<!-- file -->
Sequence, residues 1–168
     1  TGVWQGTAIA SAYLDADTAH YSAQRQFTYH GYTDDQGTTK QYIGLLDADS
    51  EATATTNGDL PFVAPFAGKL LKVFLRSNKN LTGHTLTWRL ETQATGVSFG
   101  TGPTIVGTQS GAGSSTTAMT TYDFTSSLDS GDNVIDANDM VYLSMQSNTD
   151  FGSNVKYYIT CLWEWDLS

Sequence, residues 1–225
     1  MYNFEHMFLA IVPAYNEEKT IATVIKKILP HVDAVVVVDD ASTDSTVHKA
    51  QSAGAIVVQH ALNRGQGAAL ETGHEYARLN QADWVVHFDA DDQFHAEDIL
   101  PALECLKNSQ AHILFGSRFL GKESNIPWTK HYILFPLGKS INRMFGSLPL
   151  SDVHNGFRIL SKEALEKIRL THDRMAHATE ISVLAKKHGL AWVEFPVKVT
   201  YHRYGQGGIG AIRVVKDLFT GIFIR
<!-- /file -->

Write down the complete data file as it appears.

Sequence, residues 1–168
     1  TGVWQGTAIA SAYLDADTAH YSAQRQFTYH GYTDDQGTTK QYIGLLDADS
    51  EATATTNGDL PFVAPFAGKL LKVFLRSNKN LTGHTLTWRL ETQATGVSFG
   101  TGPTIVGTQS GAGSSTTAMT TYDFTSSLDS GDNVIDANDM VYLSMQSNTD
   151  FGSNVKYYIT CLWEWDLS

Sequence, residues 1–225
     1  MYNFEHMFLA IVPAYNEEKT IATVIKKILP HVDAVVVVDD ASTDSTVHKA
    51  QSAGAIVVQH ALNRGQGAAL ETGHEYARLN QADWVVHFDA DDQFHAEDIL
   101  PALECLKNSQ AHILFGSRFL GKESNIPWTK HYILFPLGKS INRMFGSLPL
   151  SDVHNGFRIL SKEALEKIRL THDRMAHATE ISVLAKKHGL AWVEFPVKVT
   201  YHRYGQGGIG AIRVVKDLFT GIFIR